An antidote…

Without trying very hard you can read about all that gives doctors the blues. CNNMoney recently reported that many docs are actually going broke. It’s true, the take-the-fun-out-of-medicine people push harder all the time.

But worry not, I am not going to drone on about negative things. I’m not even going to list one. (Think lower word count.) On the contrary, this glorious globally-warmed January afternoon has me feeling good about work.

You see, I had a great day this week: the day ‘young’ Sean shadowed me. Sean is a smart, hard-working business major who I first met when he answered my request (on a cycling e-group) for statistical help with our recent AHA poster. His ability to understand complex medical questions belies his youthful phenotype. After learning about how to apply statistics learned in class to real-life science questions, he got interested in Medicine. Sean wondered which box to check on career day. You might have guessed, I pressured him to consider being a doctor–as I do with all talented young people who are courteous enough to listen.

And like any smart person would do, Sean asked to see what medicine looks like up close.

I reveled in a beautiful day. I showed him how to ablate heart rhythm problems and do consults on hospital patients. My partner demonstrated how squishing blockages rescues patients from heart attacks. And of course, for the win, Sean was dazzled by the sight of open-heart surgery. It’s good that was last, as for visual images, the cath lab pales in comparison to the beating heart in an opened chest.

Yes, the fury of modern medicine does indeed show well. Of course, though one can see all this on YouTube, being that close, feeling the tension, hearing the voices, of real people working to make real people feel better, brings so much more.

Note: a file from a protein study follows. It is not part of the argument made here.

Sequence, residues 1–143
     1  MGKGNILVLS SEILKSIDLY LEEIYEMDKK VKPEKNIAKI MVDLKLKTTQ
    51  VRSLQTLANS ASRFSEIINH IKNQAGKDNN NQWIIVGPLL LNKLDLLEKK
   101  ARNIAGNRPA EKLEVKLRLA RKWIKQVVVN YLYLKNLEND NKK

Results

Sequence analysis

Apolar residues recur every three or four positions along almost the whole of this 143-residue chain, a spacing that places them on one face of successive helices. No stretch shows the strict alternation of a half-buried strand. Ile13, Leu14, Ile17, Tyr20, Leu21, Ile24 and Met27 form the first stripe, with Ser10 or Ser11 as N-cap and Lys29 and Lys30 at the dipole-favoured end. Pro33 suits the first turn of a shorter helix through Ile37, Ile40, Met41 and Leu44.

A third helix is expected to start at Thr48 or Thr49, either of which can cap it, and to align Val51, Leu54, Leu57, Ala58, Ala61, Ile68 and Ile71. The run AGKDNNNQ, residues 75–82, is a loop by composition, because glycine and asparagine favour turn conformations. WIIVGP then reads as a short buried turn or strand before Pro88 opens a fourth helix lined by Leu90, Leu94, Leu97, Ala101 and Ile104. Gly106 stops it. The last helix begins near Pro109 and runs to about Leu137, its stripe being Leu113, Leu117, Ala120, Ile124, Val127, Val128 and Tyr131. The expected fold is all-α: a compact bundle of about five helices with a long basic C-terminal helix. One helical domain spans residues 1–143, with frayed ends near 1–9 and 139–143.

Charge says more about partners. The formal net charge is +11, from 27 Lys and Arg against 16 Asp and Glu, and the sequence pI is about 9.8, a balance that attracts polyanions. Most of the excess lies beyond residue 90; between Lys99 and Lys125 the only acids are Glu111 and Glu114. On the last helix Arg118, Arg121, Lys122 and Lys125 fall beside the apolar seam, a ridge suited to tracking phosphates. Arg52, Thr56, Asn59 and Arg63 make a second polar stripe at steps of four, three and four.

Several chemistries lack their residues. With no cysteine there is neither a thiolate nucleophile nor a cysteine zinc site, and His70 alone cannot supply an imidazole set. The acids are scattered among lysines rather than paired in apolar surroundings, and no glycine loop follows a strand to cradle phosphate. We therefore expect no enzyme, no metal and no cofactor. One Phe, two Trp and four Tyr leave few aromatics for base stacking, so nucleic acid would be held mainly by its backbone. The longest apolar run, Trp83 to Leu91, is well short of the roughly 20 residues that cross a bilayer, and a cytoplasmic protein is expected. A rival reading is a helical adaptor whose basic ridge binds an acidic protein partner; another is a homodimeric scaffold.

I got this email from Sean the evening after his visit:


After today you have made me even more confused on what I want to do with my life than I was this morning.

Thank you for a great day. I had a lot of fun today and loved every minute of my experience. Now I guess it is time for me to really start thinking about what I want to do after graduation and make some hard decisions.

Thank you again for everything, I really appreciate the experience I was given today.

The thing is I think the experience helped me as much as it did Sean. Showing the coolness of what we do to a talented young person makes you see things that often blend into the blandness of normalcy. Things like how the touch of a computer screen can send a brief electrical stimulus through flexible catheters snaked through the body. And if these pulses excite the heart at just the right time a rapid heart beat is induced. And then delivery of wattage through another catheter makes a small burn that stops the abnormal tissue from conducting. A cure. Really, this works?

Or this, from open heart surgery: how can you do all that stuff to the heart and watch it start beating again by itself? It had been awhile since I watched an open heart case; I too found myself mesmerized and impressed when that heart started beating again. “Go heart go,” I thought. (Wait, random thought here: Seeing heart surgery might help AF patients understand how durable their heart really is.)

Explaining and thus really seeing what we do always gets me dwelling on how far that our training and experience brought us–from paper boys to heart doctors. And imagine if you made it as far as a heart surgeon? That would be something.

I wrote a far-too-long response back to Sean. Here are a couple of excerpts:

In considering a medical career, you probably see the journey as daunting–years in training and student loans, among others. You may have even heard naysayers speak of the decline of physician autonomy, lower salaries and our diminished job satisfaction. Stop listening to these voices. They could lead you down the wrong trail. (Cycling metaphor alert!)

Dr P (a doctor Sean met), will probably agree with me when I suggest to you that one of the greatest parts of being a doctor was the journey itself. And this too: the learning never really stops.

Not once that day did I think about the negatives.

I signed, dated and timed with a smile.